We’re running a three day workshop in Delhi, India this week exploring the future research needs and challenges which will underpin sustainable management of the Ganga. The ‘Future Ganga’’ workshop, led by Professor Alan Jenkins of CEH, is bringing together 28 UK and Indian researchers.

The Ganga basin extends over an area of 1,000,000 km2 and is home to over 450 million people. Rapidly increasing population, rising standards of living and exponential growth of industrialisation and urbanisation have exposed water resources across the basin to various forms of degradation. Issues such as the over-extraction of water sources and discharge of pollutants are threatening current and future water security.

In 2014 the Indian Government announced the setting up of an Integrated Ganga Conservation Mission to clean up the river called “Namami Ganga”. Expected to last at least 18 years, the initiative will require significant scientific inputs to support integrated solutions to manage the river.

Ganges near Haridwar. Photo: Mike Acreman

During the workshop leading freshwater scientists from across India and the United Kingdom will explore the future scientific needs and challenges which will underpin the sustainable management of the Ganga. The workshop is intended to develop ideas for future scientific collaborations between the UK and India which will address key knowledge gaps in our understanding of the basin’s hydrology and cultivate innovations in water resources management.

Over the next few weeks we’ll be linking to outputs from the workshop. Whilst it’s taking place we’ll be tweeting updates on discussions from @CEHScienceNews.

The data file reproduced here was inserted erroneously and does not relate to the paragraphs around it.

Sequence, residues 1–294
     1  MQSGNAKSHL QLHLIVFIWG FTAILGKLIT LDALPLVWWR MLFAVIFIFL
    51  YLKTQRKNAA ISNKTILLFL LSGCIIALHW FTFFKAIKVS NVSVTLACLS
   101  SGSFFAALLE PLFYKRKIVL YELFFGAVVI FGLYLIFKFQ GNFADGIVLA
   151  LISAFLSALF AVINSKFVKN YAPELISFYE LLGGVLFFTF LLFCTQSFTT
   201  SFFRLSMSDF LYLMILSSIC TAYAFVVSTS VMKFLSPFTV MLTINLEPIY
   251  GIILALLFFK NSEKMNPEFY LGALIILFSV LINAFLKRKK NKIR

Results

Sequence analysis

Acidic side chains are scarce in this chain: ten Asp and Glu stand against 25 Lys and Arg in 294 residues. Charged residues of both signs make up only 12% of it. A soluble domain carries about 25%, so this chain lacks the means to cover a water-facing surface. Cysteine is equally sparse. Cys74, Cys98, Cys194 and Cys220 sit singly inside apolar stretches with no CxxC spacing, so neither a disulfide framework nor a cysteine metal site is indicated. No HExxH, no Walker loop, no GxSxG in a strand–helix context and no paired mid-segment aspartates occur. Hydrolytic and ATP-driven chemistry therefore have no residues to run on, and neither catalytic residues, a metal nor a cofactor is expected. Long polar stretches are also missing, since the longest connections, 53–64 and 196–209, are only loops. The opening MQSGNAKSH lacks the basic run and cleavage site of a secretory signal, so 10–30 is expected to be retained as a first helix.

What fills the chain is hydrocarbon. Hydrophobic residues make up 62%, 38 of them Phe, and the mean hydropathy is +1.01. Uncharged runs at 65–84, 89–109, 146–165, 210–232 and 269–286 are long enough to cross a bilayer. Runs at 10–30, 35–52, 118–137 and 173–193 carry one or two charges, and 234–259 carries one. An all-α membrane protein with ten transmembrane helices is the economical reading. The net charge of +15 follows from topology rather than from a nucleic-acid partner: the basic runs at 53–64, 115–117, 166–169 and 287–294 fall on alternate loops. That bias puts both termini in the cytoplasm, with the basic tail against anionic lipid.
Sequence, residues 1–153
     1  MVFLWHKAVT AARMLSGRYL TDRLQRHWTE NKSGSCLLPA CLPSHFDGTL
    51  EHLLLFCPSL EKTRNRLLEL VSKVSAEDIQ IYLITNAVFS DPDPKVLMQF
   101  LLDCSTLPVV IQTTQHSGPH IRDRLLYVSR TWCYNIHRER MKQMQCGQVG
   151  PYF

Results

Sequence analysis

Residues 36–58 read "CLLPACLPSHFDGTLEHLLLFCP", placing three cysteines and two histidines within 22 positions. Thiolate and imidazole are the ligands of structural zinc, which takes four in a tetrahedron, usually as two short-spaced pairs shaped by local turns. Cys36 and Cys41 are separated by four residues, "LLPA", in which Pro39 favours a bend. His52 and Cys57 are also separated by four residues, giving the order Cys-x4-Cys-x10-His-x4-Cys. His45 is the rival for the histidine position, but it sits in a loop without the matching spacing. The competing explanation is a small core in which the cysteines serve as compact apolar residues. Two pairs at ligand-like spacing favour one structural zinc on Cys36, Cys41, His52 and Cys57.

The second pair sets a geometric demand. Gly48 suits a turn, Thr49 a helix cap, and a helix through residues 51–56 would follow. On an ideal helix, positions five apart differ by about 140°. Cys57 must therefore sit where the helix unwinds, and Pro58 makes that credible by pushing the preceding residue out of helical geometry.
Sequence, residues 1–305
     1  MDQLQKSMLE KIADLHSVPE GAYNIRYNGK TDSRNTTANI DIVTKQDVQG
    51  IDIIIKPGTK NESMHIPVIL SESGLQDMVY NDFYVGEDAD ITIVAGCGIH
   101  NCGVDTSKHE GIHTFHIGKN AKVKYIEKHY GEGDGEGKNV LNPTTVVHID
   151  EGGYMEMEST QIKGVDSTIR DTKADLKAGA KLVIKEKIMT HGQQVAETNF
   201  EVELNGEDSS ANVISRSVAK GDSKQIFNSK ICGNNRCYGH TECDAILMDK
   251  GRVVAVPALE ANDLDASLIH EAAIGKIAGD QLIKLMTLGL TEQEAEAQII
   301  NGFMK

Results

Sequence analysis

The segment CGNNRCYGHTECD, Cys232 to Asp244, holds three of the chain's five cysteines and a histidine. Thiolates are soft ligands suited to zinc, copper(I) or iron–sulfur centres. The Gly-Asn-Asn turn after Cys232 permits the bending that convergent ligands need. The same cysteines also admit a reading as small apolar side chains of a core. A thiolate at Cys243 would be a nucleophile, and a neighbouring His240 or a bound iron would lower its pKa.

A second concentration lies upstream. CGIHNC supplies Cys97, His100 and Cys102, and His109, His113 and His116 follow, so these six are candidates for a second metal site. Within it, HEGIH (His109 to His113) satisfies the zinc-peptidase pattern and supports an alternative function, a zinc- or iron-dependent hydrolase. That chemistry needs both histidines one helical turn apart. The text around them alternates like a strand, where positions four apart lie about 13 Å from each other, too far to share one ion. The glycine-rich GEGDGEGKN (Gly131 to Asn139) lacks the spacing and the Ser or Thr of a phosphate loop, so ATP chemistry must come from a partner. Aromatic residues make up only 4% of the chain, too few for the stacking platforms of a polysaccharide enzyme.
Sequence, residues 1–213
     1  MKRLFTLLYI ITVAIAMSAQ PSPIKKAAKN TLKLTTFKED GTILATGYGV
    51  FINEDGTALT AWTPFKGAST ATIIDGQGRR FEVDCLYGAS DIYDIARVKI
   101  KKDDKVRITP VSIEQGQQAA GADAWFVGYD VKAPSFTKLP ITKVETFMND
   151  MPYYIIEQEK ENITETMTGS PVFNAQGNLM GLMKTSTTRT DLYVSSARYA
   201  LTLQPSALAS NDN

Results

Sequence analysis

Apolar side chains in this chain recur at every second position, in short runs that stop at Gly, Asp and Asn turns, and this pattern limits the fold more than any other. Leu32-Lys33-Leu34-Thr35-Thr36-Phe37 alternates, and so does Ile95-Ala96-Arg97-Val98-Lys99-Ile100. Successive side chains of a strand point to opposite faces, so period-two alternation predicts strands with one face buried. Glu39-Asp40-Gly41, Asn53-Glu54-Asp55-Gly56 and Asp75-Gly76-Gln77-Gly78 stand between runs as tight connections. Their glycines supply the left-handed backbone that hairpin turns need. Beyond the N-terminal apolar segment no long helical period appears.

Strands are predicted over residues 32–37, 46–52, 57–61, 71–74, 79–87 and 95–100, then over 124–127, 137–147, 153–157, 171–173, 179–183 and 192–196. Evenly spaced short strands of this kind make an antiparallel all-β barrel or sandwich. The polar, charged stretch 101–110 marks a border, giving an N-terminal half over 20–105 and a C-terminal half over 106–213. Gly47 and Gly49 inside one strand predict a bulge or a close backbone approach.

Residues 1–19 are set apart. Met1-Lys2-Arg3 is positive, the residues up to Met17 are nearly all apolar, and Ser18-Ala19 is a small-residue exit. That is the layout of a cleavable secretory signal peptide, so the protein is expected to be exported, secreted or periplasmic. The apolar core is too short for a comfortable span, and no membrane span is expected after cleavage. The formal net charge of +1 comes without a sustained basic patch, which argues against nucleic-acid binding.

Whilst you’re waiting you can read more about our international hydrology research in these two case studies.

Additional information

Key questions under discussion at the workshop include:

  • In what ways is the hydrology of the Ganga basin likely to change over the next 35 years and what are the key drivers of those changes?
  • How does the likely future water quality status of the catchment compare to the current situation and what are the implications?
  • Does our understanding of flood risk in the catchment need to be improved?
  • Does the current monitoring in the basin provide an adequate basis for scientific research?
  • What are the likely impacts of changes in water quantity and quality on agricultural production, industry, water supply and energy generation?
  • What is the likely status of the Ganga catchment in 2050 if effective management is not put in place

Participants at the ‘Future Ganga’ workshop, taking place in Delhi from the 2-4 December 2015, come from the UK’s Centre for Ecology & Hydrology, the James Hutton Institute, the University of Oxford, UK, the British Geological Survey, the University of Dundee, UK, Heriot Watt University, UK, Scottish Government, Indian Institute of Science Bangalore, CSIR Fourth Paradigm Institute, India, Indian Institute of Technology, Indian Institute of Science Education and Research Pune, National Institute of Hydrology, Roorkee, India, Indian Agricultural Research Institute, Ministry of Earth Sciences, India, WWF-India, Research Councils UK (RCUK) India and the British High Commission, New Delhi, India.

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